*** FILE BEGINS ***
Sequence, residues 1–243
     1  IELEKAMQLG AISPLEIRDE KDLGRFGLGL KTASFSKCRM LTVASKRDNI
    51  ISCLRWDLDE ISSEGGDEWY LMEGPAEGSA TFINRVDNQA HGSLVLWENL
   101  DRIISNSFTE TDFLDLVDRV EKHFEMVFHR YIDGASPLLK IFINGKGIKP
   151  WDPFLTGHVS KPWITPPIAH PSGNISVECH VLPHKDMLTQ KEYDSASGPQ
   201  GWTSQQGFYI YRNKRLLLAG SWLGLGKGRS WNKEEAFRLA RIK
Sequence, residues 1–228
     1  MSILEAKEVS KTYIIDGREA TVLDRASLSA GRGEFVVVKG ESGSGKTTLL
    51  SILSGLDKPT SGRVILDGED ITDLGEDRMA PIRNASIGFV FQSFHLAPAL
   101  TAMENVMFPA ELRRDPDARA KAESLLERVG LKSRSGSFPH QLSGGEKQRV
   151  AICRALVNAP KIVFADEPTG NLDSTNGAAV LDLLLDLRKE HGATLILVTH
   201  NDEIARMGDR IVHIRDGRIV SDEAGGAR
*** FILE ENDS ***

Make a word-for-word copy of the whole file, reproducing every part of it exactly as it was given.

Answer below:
Sequence, residues 1–243
     1  IELEKAMQLG AISPLEIRDE KDLGRFGLGL KTASFSKCRM LTVASKRDNI
    51  ISCLRWDLDE ISSEGGDEWY LMEGPAEGSA TFINRVDNQA HGSLVLWENL
   101  DRIISNSFTE TDFLDLVDRV EKHFEMVFHR YIDGASPLLK IFINGKGIKP
   151  WDPFLTGHVS KPWITPPIAH PSGNISVECH VLPHKDMLTQ KEYDSASGPQ
   201  GWTSQQGFYI YRNKRLLLAG SWLGLGKGRS WNKEEAFRLA RIK
Sequence, residues 1–228
     1  MSILEAKEVS KTYIIDGREA TVLDRASLSA GRGEFVVVKG ESGSGKTTLL
    51  SILSGLDKPT SGRVILDGED ITDLGEDRMA PIRNASIGFV FQSFHLAPAL
   101  TAMENVMFPA ELRRDPDARA KAESLLERVG LKSRSGSFPH QLSGGEKQRV
   151  AICRALVNAP KIVFADEPTG NLDSTNGAAV LDLLLDLRKE HGATLILVTH
   201  NDEIARMGDR IVHIRDGRIV SDEAGGAR